Setting Quotas in B2B SaaS Sales When Facing High Exchange Rate Volatility

Jeremey Donovan / November 29, 2022

Key Insights:

  • While typically normal changes in foreign exchange rates (FX) have limited impacts on SaaS companies, 2022 has not been a normal year.
  • Reps closing deals in denominated currencies other than the one applied to their quota should neither gain nor lose due to FX changes.
  • We recommend setting exchange rates at the start of each quota measurement period.

In 2022, the United States (US) Federal Reserve hiked interest rates in order to fight rising inflation. This has made dollar-denominated bonds more attractive versus those based on other currencies. In addition, US assets are increasingly viewed as a safe haven since the American economy has been less affected by fuel price shocks and by the war in Ukraine. Consequently, the dollar has strengthened against other currencies.

Exchange rate impact on company performance

The general impact of a stronger local currency on multinational companies is negative.

Consider a US-based company’s response to a stronger dollar. If the US company raises prices in Europe, then unit sales will likely drop by more than the price increase as buyers switch to cheaper European alternatives.  If the US company leaves its European prices fixed, then the value of each unit sold declines when converted to dollars.

There are some offsets to this lose-lose scenario. First, the stronger dollar lowers the cost of goods and services purchased abroad. Second, producers of differentiated solutions face lower price elasticity; in lay terms, companies can increase prices to some extent without experiencing as much of a drop-off in unit sales as would companies selling commodities.

While the puts and takes described above mean normal changes in foreign exchange rates (FX) will have limited impacts on SaaS ScaleUps, 2022 has not been a normal year. In the 23 years spanning 1999 to 2021, the euro has only fallen more than 10% relative to the dollar three times (see Figure 1). Thus far, the euro is down nearly 15% relative to the dollar.

Begins in 1999 at -15% and ends past 2021 -14.3%.Notes: (1) Change is from start of year to end of year except for 2022 which is YTD through Oct 7th (2) The 24-year average is 0% with a standard deviation of 9.9%. (3) Source: https://www.macrotrends.net/2548/euro-dollar-exchange-rate-historical-chart
Figure 1: €-to-$ Annual Exchange Rate Change
Source: macrotrends.net
Change is from start of year to end of year except for 2022 which is YTD through Oct 7th. The 24-year average is 0% with a standard deviation of 9.9%

Exchange rate impact on quota attainment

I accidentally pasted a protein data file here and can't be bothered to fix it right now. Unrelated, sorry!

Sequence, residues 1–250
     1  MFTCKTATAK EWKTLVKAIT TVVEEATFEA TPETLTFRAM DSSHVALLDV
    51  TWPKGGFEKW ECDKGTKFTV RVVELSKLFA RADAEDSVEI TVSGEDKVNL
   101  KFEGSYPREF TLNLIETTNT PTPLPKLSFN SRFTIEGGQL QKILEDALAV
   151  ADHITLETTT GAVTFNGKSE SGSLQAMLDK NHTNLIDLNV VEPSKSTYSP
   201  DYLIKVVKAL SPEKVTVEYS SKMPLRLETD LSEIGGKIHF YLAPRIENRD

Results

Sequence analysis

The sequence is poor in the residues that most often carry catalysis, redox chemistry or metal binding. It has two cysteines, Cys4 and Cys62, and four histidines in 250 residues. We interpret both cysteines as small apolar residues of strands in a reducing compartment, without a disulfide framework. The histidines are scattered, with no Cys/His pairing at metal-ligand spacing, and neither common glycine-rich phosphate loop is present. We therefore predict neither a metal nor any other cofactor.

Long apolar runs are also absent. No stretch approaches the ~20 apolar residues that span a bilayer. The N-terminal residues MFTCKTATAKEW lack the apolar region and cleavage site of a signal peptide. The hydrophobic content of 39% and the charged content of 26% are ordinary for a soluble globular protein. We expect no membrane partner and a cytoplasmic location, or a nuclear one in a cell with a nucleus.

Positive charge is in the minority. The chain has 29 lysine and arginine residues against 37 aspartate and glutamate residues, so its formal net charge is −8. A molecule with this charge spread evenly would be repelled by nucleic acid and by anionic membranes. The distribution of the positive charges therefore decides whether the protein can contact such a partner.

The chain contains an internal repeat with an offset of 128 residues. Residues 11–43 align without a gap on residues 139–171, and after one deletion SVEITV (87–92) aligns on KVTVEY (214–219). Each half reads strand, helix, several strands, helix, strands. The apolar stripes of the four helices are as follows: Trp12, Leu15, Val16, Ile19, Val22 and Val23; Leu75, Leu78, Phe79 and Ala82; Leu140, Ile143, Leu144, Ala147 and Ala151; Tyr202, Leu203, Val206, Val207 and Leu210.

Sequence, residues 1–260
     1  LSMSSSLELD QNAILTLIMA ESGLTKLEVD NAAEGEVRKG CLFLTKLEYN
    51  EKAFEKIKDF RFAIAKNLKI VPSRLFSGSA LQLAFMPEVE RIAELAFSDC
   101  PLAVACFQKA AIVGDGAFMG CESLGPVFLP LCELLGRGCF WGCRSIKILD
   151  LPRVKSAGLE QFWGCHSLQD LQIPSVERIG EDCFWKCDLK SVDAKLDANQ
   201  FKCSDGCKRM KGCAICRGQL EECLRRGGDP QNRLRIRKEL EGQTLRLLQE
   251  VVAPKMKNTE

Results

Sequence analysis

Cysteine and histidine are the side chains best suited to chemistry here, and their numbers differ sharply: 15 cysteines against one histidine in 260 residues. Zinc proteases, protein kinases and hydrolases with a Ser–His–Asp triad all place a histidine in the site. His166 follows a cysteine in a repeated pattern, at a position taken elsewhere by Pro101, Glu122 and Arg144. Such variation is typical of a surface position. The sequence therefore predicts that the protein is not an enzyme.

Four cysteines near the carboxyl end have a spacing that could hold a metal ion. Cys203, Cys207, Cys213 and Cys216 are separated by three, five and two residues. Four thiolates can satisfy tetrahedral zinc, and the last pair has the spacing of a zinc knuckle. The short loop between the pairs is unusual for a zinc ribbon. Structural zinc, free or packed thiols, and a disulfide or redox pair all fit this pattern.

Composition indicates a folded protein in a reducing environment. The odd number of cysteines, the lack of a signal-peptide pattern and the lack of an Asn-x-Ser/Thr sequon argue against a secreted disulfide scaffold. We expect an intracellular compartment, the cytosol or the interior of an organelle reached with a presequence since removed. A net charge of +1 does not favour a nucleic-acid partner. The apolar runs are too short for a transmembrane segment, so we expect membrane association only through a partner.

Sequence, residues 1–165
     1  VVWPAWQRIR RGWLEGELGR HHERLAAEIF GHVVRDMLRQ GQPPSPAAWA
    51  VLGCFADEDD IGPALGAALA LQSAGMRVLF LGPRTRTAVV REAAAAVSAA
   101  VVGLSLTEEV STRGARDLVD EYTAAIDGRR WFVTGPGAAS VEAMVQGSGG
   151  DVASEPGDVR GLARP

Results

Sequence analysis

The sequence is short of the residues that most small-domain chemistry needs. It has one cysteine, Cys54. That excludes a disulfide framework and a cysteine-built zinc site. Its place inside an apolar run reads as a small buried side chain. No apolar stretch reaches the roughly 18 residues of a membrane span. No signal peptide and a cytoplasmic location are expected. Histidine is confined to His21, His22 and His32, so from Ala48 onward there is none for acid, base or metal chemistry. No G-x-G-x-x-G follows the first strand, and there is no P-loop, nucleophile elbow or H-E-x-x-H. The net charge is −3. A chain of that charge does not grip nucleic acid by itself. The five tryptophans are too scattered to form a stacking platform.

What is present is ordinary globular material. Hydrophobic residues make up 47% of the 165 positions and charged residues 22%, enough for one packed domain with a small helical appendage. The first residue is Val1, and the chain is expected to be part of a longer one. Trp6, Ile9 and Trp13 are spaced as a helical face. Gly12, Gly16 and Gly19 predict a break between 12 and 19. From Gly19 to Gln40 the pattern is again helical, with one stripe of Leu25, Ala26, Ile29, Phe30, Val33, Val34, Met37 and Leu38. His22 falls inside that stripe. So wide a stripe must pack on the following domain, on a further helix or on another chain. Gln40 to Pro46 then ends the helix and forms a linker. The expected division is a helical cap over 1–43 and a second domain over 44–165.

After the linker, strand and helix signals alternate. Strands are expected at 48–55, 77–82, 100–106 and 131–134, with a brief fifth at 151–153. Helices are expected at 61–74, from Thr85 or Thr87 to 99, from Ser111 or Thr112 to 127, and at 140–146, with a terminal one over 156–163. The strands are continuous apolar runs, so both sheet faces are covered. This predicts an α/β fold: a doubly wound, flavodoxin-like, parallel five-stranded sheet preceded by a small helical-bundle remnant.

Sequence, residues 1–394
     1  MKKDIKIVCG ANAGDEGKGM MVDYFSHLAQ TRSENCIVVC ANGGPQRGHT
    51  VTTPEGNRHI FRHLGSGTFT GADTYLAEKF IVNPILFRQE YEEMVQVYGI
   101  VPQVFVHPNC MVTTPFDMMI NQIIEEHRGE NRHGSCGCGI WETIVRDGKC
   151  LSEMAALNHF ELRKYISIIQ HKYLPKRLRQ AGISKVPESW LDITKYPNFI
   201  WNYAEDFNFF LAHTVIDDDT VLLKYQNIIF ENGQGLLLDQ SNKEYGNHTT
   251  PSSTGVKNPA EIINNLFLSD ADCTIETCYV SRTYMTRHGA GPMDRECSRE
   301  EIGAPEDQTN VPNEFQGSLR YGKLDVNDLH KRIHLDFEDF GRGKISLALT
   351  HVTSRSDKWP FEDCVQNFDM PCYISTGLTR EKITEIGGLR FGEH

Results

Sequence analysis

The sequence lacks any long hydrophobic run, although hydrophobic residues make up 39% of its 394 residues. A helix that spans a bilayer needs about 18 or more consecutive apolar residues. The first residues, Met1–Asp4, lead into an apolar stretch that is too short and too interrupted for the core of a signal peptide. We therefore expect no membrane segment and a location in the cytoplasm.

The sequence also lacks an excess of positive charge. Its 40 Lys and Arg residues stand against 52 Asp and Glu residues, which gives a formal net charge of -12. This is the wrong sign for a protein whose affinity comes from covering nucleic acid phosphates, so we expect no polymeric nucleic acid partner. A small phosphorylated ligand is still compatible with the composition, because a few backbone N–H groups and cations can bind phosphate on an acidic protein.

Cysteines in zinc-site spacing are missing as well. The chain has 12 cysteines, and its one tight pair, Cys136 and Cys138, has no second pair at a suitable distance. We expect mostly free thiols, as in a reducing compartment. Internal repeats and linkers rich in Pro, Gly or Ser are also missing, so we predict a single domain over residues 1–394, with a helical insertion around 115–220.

Let’s explore the impact of FX on quota attainment for sales professionals. For simplicity, and because it mirrors the current state of the world, we will compare a US-based rep to a Germany-based rep.

For our range of examples, we will assume:

  • Reps start 2022 with quotas based on the Jan 1st exchange rate of 1.1371 €/$. Quotas are thus $1M when denominated in dollars and €880K when denominated in euros.
  • Prices per deal are set at the beginning of the year at $100K or €88K.
  • The Euro/Dollar exchange rate is down 15% YTD.

In the first scenario, imagine each rep only sells domestically. In this situation, there is no FX impact for the reps other than the fact that it will be easier for the German rep to sell against US-based competitors who may have to raise prices (or limit discounts) to make up for the exchange rate impact.

Next, consider a German rep whose quota is in euros but who sells to US prospects using dollar-denominated contracts at $100K per deal. If this rep’s plan applied floating FX rates, then she would receive a credit of €101K instead of €85K for each sale at current rates. Hence, the rep benefits from the floating exchange rate. Had the FX rate been fixed, there would be no impact on quota attainment.

Assuming the company is based in Europe, they benefit as well since the increase in euro-denominated bookings more than offsets the extra commission paid to the rep in the floating FX scenario. If the FX rate were fixed, the company benefits even more.

The reverse is of course true for a US rep whose quota is in dollars but who sells into Germany using euro-denominated contracts.  An €88K deal converts to $87K instead of $100K if quota credit is subject to a floating exchange rate. With a fixed FX rate, the US rep is ‘protected’ and would experience no impact.

The stronger dollar is detrimental to the US-based company whose euro-denominated sales convert to fewer dollars than expected given the pricing set at the start of the year. Allowing the FX rate applied to quota credit to float transfers some of the company’s pain to the rep.

Our recommendation

One of the key best practices in sales compensation design is that reps should be compensated for their direct effort over what they can control. Since FX is out of their control, reps closing deals in denominated currencies other than the one applied to their quota should neither gain nor lose due to FX changes. Hence, we recommend setting exchange rates at the start of each quota measurement period. Fortunately, this approach is also easier for quota administration.

Our recommendation of a fixed FX rate for quota credit concentrates all FX benefits and risks in the hands of management. Even without elaborate hedging, organizations can protect themselves from FX risk by sourcing talent locally and by borrowing in local currency.

The silver lining is that strongly negative FX impacts are rare. They apply to companies with a strengthening local currency who conduct a large amount of business denominated in a weaker foreign currency and who lack the natural hedges described previously. Finally and fortunately, currency swings exceeding +/-15% are relatively rare in developed nations.